Agile Production in a Nutshell

Chapter two of the book is a small preview of the whole book, where the authors talk a bit about:

  • engaging the stakeholders
  • defining the problem
  • what the system is
  • what the system does
  • the code

Stakeholders

The stakeholders are all the people and systems that care that this system even exists, what it does, or how it does it (pg. 28).  This means anyone from developers to end-users, including business people, customers, designers, salesman, marketing, etc.

Nevertheless, not all stakeholders are relevant all the time in every context. To better know what the relevant stakeholders are in each context, and therefore in each meeting, we separate the system in two contexts and the relevant stakeholders:

  • What the system IS:
    The platform, the architecture, the product. In this context, the most relevant stakeholders are domain experts, system architects, and business people.
  • What the system DOES:
    The functionality provided to the end-user. In this context, the main stakeholders are the end-users, the UI designers and the UX designers.

From all these stakeholders, however, the most important one is the end-user. The end-user mental model of the system is what is needed and therefore is what we should strive to reflect in the application.

Defining the problem

Before anything else, we need to define what it is that we need to create. Only after that, we can come up with a plan.

So the idea is that we get all the stakeholders together and convey a short description of the problem definition that everyone can agree upon. Defining the current state and the desired state is a great way to do this.

For some reasons, along the way, we might end up deviating from the plan, or the problem might change. Therefore we must revisit the problem definition often, to make sure that we are still on the right track and still solving a current problem.

What the system IS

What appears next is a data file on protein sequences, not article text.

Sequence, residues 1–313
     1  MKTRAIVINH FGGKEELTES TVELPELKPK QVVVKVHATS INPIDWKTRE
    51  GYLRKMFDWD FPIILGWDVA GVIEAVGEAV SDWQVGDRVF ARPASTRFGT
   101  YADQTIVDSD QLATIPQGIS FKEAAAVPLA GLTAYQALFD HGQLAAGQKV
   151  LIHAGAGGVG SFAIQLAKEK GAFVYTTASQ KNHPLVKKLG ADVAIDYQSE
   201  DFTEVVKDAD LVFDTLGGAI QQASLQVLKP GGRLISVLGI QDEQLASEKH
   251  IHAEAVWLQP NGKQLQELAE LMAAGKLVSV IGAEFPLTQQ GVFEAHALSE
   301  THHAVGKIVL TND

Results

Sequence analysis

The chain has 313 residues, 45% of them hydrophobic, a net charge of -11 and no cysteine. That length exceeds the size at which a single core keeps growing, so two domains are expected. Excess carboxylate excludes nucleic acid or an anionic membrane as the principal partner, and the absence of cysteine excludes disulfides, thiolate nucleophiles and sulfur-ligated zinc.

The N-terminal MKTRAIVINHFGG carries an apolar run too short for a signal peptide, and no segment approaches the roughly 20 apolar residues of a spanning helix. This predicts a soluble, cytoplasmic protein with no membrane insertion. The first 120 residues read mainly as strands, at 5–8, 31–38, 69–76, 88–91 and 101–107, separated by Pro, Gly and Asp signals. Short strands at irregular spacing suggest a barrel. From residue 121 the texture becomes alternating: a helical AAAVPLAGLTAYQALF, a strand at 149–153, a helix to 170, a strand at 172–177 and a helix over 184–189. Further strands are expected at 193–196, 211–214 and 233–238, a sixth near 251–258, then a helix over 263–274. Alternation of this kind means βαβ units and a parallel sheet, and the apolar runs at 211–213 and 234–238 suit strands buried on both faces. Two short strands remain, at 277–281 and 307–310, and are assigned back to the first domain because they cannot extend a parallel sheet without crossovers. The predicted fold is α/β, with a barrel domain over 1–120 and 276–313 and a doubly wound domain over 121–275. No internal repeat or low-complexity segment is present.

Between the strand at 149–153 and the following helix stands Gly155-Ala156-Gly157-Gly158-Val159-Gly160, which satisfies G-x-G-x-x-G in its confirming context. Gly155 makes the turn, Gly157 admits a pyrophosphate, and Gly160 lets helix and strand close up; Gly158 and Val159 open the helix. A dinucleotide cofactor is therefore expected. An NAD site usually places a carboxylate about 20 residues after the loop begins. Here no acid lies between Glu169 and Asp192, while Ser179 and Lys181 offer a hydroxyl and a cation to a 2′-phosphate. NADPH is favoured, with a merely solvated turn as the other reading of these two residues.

The design of a system form is what a system is. The form is the most important factor for long-term system health. It must provide a firm foundation for the end-user functionality and also for the changes that will be needed in the future but can not be anticipated.

It’s interesting to note that the authors distinguish “form” from “structure” in a different way that I would. For the authors, “form” can be compared to a skeleton while the structure would be the meat that provides for the functionality. So they define “structure” as the actual code of an application.

Architecture focuses mostly in creating the form of a system:

  • Capture the stakeholders’ perspectives that affect design;
  • Embrace and prepare for change, to reduce the cost of solving problems;
  • Create a shared vision across the team and stakeholders;
  • Create mechanisms to smooth and fasten the decision-making process.

The architecture deliverables are:

  • Class interfaces as source code contracts;
  • Boilerplate code;
  • Ubiquitous language;
  • Minimal necessary documentation;
  • Rule set of procedures, like coding standards.

With the architecture in place, we have a solid ground where to stand and respond to change.

Good form up front reduces cost in the long term.

Pg. 32

What the system does

The system should do what the end-user needs it to do. We need to capture the end-user mental model of the system, what he needs the system to do, how he envisions the system, how he dreams the system.

The way to capture this mental model is through the specification of use cases. Use cases define the various actions the end-user can do with the system, and are a valuable tool to elicit, explore, refine and capture the end-user vision of the system, but also to organise requirements, dependencies and priorities.

In this context, the deliverables can be:

  • Screen designs;
  • Domain specifications;
  • Use case definitions.

Designing and coding

This is when we do the development of the product. At this point we:

  • Extract actors and algorithms from the given use cases;
  • Write system tests;
  • Adjust the initial class interfaces;
  • Translate the use cases into code;
  • Run the tests against the written code.
This post is part of a set of posts with my personal notes about all the chapters in the book “Lean Architecture for Agile software development” by James Coplien and Gertrud Bjornvig. I will do this as I read through the book, and take notes on the concepts I personally find more relevant.
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